Socio-economic factors have often been found to influence adoption of ICTs in agriculture, the study sought to understand the socioeconomic background of the irrigated cassava farmers in NWSA Irrigation Scheme as this information could be used to predict ICT adoption. The socio-economic factors in the study included the gender, age, marital status, education levels, and household size, farming experience and farm size.
SUMMARY, CONCLUSION AND POLICY IMPLICATIONS
This chapter presents the summary of the study, conclusion of the study, recommendations of the study based on the findings and suggestions for areas of further studies. The conclusion and recommendations are presented in line with the study objectives. The areas of further studies are derived from the scope and limitations of the study.
The general objective of the study was to examine Information Communication Technologies (ICTs) adoption in irrigated cassava production in NWSA Irrigation Scheme. The study was guided by three specific objectives: to identify uses of ICTs in irrigated cassava production; identify barriers of ICTs use in irrigated cassava production and examine influence of ICTs use in irrigated cassava production in NWSA Irrigation Scheme. The descriptive survey was adopted which used both qualitative and quantitative methods. The cross-sectional survey design which refers to the collection of data during a specified duration of time was adopted. The target population for the study were 6,500 households in the NWSA Irrigation Scheme, Niger state. The sample size for the study was 362 respondents and the researcher was able to collect 96 completed questionnaires which were used for data analysis. The sample of the study was therefore selected from the respondents identified in the primary indicative study. The researcher adopted the questionnaire as the primary tool for data collection which was interview administered to the household heads.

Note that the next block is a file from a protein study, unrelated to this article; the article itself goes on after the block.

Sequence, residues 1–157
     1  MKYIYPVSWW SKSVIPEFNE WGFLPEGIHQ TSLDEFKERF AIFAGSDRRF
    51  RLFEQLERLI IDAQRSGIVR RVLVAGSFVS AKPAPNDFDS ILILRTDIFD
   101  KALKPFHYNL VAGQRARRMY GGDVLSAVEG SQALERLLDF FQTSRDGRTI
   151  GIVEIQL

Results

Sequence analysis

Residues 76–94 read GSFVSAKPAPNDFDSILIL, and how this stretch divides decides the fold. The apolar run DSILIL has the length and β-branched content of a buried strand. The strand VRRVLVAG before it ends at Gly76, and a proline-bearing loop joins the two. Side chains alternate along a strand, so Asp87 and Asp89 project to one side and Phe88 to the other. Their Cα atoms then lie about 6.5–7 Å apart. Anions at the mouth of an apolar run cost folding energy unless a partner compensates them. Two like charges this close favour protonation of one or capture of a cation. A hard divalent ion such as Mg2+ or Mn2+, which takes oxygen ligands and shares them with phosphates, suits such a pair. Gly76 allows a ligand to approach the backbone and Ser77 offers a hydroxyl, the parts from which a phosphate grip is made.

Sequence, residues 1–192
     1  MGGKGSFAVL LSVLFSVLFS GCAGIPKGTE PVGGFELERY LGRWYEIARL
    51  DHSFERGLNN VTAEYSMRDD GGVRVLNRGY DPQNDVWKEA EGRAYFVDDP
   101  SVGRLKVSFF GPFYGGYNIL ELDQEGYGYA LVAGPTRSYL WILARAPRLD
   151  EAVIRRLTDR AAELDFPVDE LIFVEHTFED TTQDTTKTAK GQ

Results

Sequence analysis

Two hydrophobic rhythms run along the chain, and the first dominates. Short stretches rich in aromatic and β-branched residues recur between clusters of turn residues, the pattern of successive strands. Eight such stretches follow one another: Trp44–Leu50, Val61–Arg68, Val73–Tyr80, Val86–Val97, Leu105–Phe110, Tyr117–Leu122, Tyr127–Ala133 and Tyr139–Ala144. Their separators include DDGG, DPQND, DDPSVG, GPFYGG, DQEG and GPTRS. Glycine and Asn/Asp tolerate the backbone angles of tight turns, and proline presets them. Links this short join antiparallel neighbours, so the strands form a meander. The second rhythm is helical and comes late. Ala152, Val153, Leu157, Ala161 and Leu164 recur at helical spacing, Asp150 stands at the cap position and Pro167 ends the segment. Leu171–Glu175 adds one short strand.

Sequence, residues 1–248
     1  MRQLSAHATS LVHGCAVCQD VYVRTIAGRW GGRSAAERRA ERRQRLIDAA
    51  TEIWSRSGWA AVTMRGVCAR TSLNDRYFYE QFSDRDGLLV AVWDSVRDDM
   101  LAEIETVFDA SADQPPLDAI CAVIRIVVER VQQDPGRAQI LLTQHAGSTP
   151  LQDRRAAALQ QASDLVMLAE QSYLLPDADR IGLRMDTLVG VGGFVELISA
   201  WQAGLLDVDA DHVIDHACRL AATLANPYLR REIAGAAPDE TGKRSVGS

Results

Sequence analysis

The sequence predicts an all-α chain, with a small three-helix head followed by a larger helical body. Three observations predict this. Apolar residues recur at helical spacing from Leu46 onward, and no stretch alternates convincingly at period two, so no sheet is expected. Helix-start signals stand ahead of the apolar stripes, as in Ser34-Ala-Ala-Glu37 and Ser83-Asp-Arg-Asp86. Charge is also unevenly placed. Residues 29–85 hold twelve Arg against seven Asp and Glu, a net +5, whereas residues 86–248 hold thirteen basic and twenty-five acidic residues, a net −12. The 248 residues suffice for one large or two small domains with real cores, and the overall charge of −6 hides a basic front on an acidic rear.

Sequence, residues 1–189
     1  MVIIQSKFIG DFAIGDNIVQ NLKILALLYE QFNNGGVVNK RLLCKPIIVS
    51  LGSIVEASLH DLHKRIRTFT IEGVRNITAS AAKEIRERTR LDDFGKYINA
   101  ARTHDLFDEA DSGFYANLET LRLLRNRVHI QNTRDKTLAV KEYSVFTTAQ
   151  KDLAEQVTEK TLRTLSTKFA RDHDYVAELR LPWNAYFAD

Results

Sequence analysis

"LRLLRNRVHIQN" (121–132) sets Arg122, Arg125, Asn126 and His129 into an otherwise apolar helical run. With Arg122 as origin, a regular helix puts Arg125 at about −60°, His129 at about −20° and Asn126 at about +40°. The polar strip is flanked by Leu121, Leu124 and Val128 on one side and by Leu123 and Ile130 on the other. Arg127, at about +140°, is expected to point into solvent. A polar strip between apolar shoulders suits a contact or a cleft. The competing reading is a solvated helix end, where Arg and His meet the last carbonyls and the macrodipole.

Key informant interviews were used to collect data from the State Executive Committee (SEC) member in charge of information communication and technology (ICTs) in Niger state, two extension officers and two agricultural officers. The researcher was able to conduct three key informant interviews with two agricultural officers, one extension officer, and an interview with the SEC of ICT Niger state. Descriptive statistics were used to summarise the data and create categories of responses for interpretation. The researcher used mean, frequencies, percentages and standard deviation to analyse the data. The qualitative data was presented in verbatim and narrative form to complement the qualitative data.
The quantitative data was presented in tables, charts and figures and the researchers’ interpretation. The study found that ICT was used for communicating information on attending meetings and seminars, learning new farming technologies, communicate on work arrangements and seeking information on Information on input prices, marketing and planting timetable. The mean scores suggested that the major barrier to ICT use among cassava farmers was Lack of ICTs skills and inability to use, followed by Lack of training, Cost of ICTS and/or funds and Power cuts. The most influence seen of ICT among cassava farmers was Increase of farmers’ skills/knowledge in cassava production followed by increase in cassava production output, accessing agricultural market information and strategic partnerships with associations and organisations. The study concluded that ICTs are used to source for information on available cassava seed varieties, prices of the cassava seed and processed cassava; that major barriers facing ICT adoption among irrigated cassava farmers in NWSA Irrigation Scheme are lack of training, lack of ICTs skills and inability to use and cost of ICTS and/or funds and that the most influence of ICT adoption among cassava farmers was increase in cassava production output, followed by increase of farmers’ skills/knowledge in cassava production and accessing agricultural market information.